Rust Dyed Silk

I love the color of rust. Where some people see decay and crud I see beauty. When I’m hiking with friends we often come across old discarded rusty metal bits and pieces and now everyone knows to give them to me. I’ve been collecting these objects for a while now and I finally got around to doing the deed. It’s not hard and I found great directions at www.hobbyfarms.com written by Maggie Howe.

The process takes a few days for the metal objects to leave an imprint on the fabric. Here’s how to do it. I used silk organza, I love the transparence of organza and use it for jewelry and my sculptures. I wet it with a mixture of 50%water and 50% vinegar. I let the fabric be folded over onto it’s self randomly and made sure it was soaking wet.

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I laid the objects down gave it all another spritz of the water vinegar solution, covered it with plastic and weighted it down with heavy objects.

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It’s important to make sure the objects are in contact with the fabric and the plastic helps to keep it wet the whole time. I checked it daily to make sure it was still wet and because I was so anxious to see how it was doing. After 3 days I removed the objects and here’s what I got. You can see the places where the fabric was folded I got a repeat of the objects imprint.

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I made some soldered jewelry with feathers and matching earrings and cuffs. Some of these pieces are at the Alternatives Gift Shop at the Delaware Center for the Contemporary Arts now. I have a few left that I plan to list in my shop next week.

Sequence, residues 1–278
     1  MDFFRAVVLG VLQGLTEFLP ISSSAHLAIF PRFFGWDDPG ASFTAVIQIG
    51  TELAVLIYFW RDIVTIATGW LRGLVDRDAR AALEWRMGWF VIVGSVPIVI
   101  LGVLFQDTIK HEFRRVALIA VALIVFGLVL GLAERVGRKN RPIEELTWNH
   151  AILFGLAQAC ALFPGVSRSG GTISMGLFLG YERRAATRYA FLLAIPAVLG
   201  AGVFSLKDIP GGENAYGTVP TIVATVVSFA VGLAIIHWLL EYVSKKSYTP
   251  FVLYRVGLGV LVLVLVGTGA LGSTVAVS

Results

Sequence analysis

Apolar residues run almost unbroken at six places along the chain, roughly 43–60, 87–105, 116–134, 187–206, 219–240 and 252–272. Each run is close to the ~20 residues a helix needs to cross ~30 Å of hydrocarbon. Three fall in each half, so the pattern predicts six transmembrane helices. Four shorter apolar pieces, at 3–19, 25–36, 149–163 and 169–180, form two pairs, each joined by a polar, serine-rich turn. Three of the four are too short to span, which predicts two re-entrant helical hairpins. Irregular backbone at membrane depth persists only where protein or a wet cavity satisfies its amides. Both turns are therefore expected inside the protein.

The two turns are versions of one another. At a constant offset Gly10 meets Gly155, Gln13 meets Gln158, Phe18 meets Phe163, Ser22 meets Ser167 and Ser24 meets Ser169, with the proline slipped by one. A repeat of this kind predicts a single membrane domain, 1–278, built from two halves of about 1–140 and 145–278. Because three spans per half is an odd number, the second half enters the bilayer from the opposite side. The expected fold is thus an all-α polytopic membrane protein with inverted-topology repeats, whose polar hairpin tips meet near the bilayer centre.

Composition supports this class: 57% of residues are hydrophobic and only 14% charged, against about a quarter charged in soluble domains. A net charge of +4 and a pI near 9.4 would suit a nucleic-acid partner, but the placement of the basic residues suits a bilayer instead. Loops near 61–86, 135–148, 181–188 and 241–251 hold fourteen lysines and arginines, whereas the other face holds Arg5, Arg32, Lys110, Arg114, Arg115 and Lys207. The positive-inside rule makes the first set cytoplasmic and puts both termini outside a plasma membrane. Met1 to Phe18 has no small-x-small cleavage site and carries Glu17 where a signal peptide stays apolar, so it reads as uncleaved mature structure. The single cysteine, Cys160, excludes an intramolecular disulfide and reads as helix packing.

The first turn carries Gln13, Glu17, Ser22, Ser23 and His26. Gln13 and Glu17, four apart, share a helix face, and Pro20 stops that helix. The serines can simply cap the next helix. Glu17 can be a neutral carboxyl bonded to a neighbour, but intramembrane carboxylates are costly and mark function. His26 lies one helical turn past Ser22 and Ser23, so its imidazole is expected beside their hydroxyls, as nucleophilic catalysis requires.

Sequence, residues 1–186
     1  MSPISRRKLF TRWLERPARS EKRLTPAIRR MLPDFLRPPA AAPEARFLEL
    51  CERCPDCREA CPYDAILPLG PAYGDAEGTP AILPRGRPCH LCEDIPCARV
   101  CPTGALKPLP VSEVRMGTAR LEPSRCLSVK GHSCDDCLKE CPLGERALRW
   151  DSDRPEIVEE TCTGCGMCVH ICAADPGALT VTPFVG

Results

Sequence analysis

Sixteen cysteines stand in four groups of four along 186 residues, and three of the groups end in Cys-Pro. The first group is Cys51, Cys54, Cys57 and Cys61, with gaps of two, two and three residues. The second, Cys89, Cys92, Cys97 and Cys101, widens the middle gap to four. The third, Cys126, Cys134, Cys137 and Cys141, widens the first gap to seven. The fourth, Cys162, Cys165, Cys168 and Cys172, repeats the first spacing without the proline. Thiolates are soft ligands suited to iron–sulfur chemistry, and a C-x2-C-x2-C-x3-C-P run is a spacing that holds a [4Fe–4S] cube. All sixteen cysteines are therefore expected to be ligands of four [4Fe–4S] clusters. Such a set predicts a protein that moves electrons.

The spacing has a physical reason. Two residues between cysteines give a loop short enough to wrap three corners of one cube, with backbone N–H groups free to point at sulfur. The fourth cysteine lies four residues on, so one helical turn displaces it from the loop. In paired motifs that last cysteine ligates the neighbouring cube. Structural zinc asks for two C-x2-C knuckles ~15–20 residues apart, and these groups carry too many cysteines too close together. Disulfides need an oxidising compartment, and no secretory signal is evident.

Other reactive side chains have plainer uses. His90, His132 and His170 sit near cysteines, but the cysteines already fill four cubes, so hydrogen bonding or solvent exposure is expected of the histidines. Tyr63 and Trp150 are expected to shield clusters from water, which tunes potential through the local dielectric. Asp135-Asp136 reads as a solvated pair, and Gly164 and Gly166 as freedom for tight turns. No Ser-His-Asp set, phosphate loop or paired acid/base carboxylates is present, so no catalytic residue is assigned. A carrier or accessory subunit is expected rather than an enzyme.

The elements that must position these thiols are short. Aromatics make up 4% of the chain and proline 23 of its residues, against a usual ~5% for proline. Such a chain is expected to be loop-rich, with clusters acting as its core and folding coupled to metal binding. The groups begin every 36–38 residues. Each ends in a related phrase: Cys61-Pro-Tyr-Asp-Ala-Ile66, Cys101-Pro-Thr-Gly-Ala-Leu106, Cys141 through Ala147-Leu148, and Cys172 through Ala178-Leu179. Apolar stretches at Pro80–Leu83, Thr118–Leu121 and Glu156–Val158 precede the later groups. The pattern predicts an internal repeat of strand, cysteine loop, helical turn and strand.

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Now I’m wondering what else I can dye with rusty objects!

Inspiring Artists

I’ve been researching artists working in the realm of public art that are using soft materials. I came up with 3 women, with different and equally impressive bodies of work.

“American artist Janet Echelman reshapes urban airspace with monumental, fluidly moving sculpture that responds to environmental forces including wind, water, and sunlight.” excerpted from her website. This all started for her when she was on a Fulbright lectureship in India. She had promised to give painting exhibitions around the country but her paints that she shipped never arrived. Watching the fisherman bundling their nets at night she decided to enlist their knowledge and with their help made her first large sculpture. By the end of the year she had a series of lightweight volumetric sculptures made out of netting. The rest is history as she continues to make and install her beauties in cities around the world.

Janet Echelman

Janet Echelman  Sydney, Australia

Janet Echelman

Janet Echelman  Denver, Colorado

Janet Etechelman,

Janet Echelman, San Francisco

Janet Echelman,

Janet Echelman, San Francisco

 

Kendall Buster, also American, was initially trained as a microbiologist. While working in a laboratory she was inspired by the beauty she saw under the microscope and took a turn into art. While working as a lab technician in a hospital she had the desire to bring the beauty she saw through the microscope to life. She went to art school and her drawings blossomed into beautiful biomorphic sculptures. Her materials include metal armatures covered with shade cloth. When light passes through the cloth the forms are transparent but in the lack of light they are opaque.